Reclaiming the full story of human health : the ethical significance of complementary and alternative medicines
Author(s)Clark-Grill, Monika Maria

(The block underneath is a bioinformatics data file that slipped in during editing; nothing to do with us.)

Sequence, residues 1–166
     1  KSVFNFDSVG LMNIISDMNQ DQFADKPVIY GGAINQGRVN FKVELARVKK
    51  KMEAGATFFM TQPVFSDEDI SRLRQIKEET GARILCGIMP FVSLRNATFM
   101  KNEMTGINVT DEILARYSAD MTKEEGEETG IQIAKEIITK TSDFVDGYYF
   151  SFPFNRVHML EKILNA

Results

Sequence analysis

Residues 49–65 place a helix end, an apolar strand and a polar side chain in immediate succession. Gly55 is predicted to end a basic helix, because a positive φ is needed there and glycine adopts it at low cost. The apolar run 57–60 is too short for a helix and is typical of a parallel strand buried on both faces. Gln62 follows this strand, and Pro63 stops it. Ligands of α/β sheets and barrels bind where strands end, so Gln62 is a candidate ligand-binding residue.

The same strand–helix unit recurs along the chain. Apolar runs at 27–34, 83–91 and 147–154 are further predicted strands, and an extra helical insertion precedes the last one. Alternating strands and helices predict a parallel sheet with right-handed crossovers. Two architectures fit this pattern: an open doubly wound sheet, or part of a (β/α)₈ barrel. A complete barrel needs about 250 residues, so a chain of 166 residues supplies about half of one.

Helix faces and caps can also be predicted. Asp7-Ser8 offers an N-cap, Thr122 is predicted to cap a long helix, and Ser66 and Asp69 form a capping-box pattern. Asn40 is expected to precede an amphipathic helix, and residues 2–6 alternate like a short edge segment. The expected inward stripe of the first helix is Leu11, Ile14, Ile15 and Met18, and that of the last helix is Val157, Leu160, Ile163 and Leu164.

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AbstractThis thesis investigates the moral content of illness ontologies in different healing systems, in particular biomedicine and homeopathy. It was motivated by the wish to gain a greater understanding of the possible meaning and ethical significance underlying the increasing popularity of complementary and alternative medicine (CAM) in Western countries. CAM is an umbrella term for a diverse group of therapeutic approaches, indicating their marginalized status in relation to conventional, scientific medicine. However, despite their diversity most CAM share a common bond by subscribing to a holistic perspective on life, health and illness. It is for this reason that this thesis concentrates on the conceptual level. The subject is approached by making use of interview material from five homeopathic doctors from Austria. Their perspective on different aspects of non-conventional, as well as biomedical, practice and underlying theory provides the springboard for theoretical investigations. The demand for scientific evidence of CAM is critically examined. The issue of increasing pluralism in health care is explored, along with its challenge of finding appropriate epistemological approaches for therapeutic systems that are based on different illness ontologies. The favored approach in this thesis is based on the recognition by medical historians that there are four basic illness axioms: "illness as loss of balance", "illness as disruption of interpersonal communication", "illness as a physical defect" and "illness as pathic creation". These axioms are matched respectively with four different epistemic pathways: the dialectical, the hermeneutical, the analytical and the phenomenological. The interviewees considered the more humane quality of the doctor/patient relationship in their homeopathic practices to be due to the holistic premises of homeopathy, which place the subjective dimension of patients at their center. The difficulty of achieving informed consent in the commonly used sense in homeopathic practice was solved by engaging in a shared decision-making process. Life was explained by the interviewees in vitalistic terms. Although rejected by science, the notion of vitalism appears to hold significance for the public. Illness was always perceived as a multidimensional process and not as a purely physico-chemical dysfunction. It became evident that the holistic perspective takes account of the many dimensions of human illness, of which neither the conventional reductionist conception nor the dualistic mind/body approach are capable. However, the unmanageable complexity of holism poses a problem for therapeutic practice. A conceptual approach providing some structure for the holistic multidimensionality is found in the four illness axioms and in analogous observations by Aristotle. It is concluded that there could be a connection between the increased popularity of CAM and their underlying holistic perspective, since this theoretical foundation allows the practitioner to address the patient in a whole-person way. At the same time the holistic perspective provides a much broader scope than biomedicine for patients to influence their health. The recognition that human multidimensionality needs to be appreciated at the level of illness ontology may also provide an impetus for bioethics to approach contemporary ethical challenges from a perspective of an ethics of the good life, instead of concerning itself predominantly with setting limits in the arena of technological medicine.